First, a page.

How the Pandemic Influenced Beauty and Wellness Trends

The pandemic changed so many aspects of daily life. As the virus spread across the world, so many things disappeared, such as work and school, going out to socialize, and in-store shopping. Everyone stayed at home for most of the year.

Naturally, it has affected lifestyle trends, including how the population approaches beauty. The pandemic has already created a shift in the fashion industry, with consumers choosing comfort over style. While trendy clothing items declined in sales, loungewear saw a boost in interest. Even brands that did not normally sell loungewear released their own line of cozy clothing pieces to appease what the market demands.

Beauty trends, too, have transformed during the pandemic, and some of it will be carried over into a world without COVID-19.

A Healthier Relationship with Hair

Before the pandemic, more women were already embracing their body hair. Famous names such as Madonna and Rihanna have shared unshaven pics of themselves on social media, receiving praises from fans. But, the pandemic caused more people to ignore previous beauty norms and learn to live with their body hair.

Hair, of course, is normal among women. They serve important functions such as reducing the risk of infections and skin chafing and regulating body temperature. However, at some point, women have received immense pressure to be hairless. Removing hair in various parts of the body became what is expected. Hair on the legs and thighs, underarms, upper lip, and even the groin were deemed unfeminine and undesirable.

In the past year, things changed. Hair became the least of everyone’s problems. No one was going out anyway, so what was the point of hair removal?

In addition, places that offer hair removal were closed for the past year to prevent transmission. These factors led women to just let their body hair grow. They learned to live with body hair and will continue to do so after the pandemic.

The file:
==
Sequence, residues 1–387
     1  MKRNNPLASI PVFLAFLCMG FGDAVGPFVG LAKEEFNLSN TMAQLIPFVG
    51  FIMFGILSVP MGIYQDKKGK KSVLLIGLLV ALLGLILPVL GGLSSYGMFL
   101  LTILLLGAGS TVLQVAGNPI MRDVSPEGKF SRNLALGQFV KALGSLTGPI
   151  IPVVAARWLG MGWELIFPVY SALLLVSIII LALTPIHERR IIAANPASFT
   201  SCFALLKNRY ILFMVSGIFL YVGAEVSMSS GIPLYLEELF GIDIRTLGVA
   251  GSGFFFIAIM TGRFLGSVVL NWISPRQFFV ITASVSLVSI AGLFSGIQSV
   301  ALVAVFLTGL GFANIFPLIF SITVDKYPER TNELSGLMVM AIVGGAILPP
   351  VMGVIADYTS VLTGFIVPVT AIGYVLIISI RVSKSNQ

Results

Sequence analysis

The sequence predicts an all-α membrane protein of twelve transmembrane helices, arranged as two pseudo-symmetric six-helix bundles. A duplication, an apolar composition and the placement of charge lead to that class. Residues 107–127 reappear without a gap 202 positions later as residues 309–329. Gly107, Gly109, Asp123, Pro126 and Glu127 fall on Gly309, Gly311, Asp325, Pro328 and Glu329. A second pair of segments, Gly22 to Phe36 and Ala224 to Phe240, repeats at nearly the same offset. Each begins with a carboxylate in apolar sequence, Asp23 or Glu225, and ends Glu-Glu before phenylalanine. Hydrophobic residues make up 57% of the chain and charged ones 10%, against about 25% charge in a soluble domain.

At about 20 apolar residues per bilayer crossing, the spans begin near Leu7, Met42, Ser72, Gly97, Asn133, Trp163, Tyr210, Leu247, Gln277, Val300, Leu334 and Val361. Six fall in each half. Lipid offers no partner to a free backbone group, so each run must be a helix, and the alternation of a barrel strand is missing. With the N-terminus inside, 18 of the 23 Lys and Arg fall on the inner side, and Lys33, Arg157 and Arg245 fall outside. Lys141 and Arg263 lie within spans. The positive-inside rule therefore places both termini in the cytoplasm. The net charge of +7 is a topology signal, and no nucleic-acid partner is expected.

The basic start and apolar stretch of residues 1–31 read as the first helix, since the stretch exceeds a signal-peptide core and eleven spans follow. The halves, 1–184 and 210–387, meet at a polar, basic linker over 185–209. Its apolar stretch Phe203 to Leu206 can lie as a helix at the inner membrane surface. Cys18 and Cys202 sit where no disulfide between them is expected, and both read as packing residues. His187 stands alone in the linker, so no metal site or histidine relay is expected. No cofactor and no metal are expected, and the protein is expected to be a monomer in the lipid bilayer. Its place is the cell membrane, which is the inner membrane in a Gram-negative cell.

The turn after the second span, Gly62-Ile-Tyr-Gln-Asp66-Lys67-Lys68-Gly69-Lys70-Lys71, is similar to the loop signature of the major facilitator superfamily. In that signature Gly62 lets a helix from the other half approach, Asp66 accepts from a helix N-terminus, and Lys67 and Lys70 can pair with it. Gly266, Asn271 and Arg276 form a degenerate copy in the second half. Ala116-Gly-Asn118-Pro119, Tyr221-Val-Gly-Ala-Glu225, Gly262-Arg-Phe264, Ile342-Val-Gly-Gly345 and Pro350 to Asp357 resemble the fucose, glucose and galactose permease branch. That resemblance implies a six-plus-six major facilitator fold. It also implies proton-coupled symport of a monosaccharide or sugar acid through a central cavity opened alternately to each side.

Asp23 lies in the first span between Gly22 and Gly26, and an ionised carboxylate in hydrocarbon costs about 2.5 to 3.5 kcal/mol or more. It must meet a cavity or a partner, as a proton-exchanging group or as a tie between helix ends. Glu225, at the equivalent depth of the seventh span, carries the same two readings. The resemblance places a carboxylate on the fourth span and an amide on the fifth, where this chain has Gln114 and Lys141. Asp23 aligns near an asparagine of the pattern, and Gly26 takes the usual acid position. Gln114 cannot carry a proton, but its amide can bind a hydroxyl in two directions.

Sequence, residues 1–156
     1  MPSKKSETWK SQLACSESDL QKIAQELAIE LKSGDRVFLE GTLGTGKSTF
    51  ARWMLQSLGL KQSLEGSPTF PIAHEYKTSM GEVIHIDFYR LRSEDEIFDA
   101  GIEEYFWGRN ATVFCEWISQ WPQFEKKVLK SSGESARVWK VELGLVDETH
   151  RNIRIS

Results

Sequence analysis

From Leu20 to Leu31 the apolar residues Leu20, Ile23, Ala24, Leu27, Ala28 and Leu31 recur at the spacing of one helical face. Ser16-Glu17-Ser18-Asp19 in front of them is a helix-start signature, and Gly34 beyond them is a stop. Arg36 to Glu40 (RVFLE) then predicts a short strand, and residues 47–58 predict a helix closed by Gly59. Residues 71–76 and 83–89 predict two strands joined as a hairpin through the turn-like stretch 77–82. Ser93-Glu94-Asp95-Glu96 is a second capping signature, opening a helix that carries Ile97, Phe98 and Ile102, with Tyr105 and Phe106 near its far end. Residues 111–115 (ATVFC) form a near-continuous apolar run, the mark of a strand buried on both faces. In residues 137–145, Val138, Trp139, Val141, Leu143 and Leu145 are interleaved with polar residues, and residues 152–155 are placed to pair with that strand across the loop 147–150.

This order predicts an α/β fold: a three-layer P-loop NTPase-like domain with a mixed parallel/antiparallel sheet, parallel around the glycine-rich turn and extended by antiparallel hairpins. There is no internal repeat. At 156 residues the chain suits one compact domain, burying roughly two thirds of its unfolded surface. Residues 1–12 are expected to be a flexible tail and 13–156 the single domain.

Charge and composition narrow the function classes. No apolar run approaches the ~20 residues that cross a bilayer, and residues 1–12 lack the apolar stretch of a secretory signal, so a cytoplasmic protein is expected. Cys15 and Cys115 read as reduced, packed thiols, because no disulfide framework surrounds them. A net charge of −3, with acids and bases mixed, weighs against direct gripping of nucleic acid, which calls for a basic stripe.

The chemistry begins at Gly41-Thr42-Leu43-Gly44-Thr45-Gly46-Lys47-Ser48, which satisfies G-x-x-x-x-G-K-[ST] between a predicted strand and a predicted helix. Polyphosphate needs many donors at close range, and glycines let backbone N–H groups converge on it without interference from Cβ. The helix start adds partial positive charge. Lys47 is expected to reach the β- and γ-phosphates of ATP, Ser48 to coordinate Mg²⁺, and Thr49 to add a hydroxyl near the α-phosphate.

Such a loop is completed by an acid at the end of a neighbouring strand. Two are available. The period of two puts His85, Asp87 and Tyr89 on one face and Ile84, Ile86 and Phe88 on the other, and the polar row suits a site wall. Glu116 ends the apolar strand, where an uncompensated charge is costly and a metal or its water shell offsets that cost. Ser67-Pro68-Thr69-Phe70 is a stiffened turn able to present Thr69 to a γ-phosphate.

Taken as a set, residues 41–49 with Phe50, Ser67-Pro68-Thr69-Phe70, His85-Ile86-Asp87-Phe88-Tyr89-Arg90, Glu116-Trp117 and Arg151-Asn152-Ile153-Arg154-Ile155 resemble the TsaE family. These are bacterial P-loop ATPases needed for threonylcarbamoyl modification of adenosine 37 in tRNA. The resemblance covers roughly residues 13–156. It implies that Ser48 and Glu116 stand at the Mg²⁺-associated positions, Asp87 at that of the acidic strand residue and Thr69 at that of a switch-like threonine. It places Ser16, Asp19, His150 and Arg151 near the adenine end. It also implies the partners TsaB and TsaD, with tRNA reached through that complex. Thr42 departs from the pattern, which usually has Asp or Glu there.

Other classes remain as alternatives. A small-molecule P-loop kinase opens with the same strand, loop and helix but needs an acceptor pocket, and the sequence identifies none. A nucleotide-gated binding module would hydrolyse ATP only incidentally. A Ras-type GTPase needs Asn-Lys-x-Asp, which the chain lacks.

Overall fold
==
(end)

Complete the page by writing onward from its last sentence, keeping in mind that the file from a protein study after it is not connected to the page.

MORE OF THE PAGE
Of course, women who do want to remove their body hair can continue to do so. Waxing salons have reopened and are accepting customers. However, there is a shift; those who want to be hairless are choosing to and not pressured to remove their body hair.

The Rise of Home Beauty Tools

The past year has been extremely stressful, and people looked for products to pamper themselves while they waited at home for the pandemic to end. One of the tools that have received more attention in the past year is the gua sha. Rooted in ancient Chinese medicine, the smooth-edged stone is scraped on the skin with short and long strokes to boost blood flow. In beauty, it is used to massage oils and serums into the skin to help it sink in better, reduce inflammation, promote healing, and relax the mind and body.

Steamers were also a hit. A device that was already popular among East Asians, steamers add moisture into indoor air and hydrates the skin throughout the day.

man watching television

Anti-Blue Light Skincare

People spent more time indoors and, therefore, increased their exposure to screens. Without socialization, people had to look for other sources of entertainment and, at home, they have plenty to choose from, but most of them involve a digital screen.

Screens, as everyone knows now, emit a blue light that is not good for overall well-being. It is especially not good on the skin. Experts have explained that blue light penetrates deeper into the skin, and its impact is as bad as sun exposure. People who are regularly exposed to blue light — which is, everyone — are more likely to see fine lines and wrinkles. It can even worsen melasma, a condition in which freckle-like spots appear on the skin.

But, not to worry, different brands have released their own lines of products that protect against blue light.

On the Path Toward Clear Skin

People were spending more time indoors. There were no longer events, and socialization went digital. When out on the streets, face coverings were necessary. Many, as a result, stopped wearing makeup. They instead focused on repairing and improving their skin.

To some, it is necessary. Wearing face coverings caused outbreaks of acne, a situation that has been dubbed as “maskne.” It occurs because face coverings trap moisture and bacteria close to the skin, causing irritation. Products were released last year that specifically target maskne by infusing antimicrobial elements.

Current events influence trends. It is interesting to see what will become popular after the pandemic as concepts and aspects keep changing to fit the adjustments in people’s lives.

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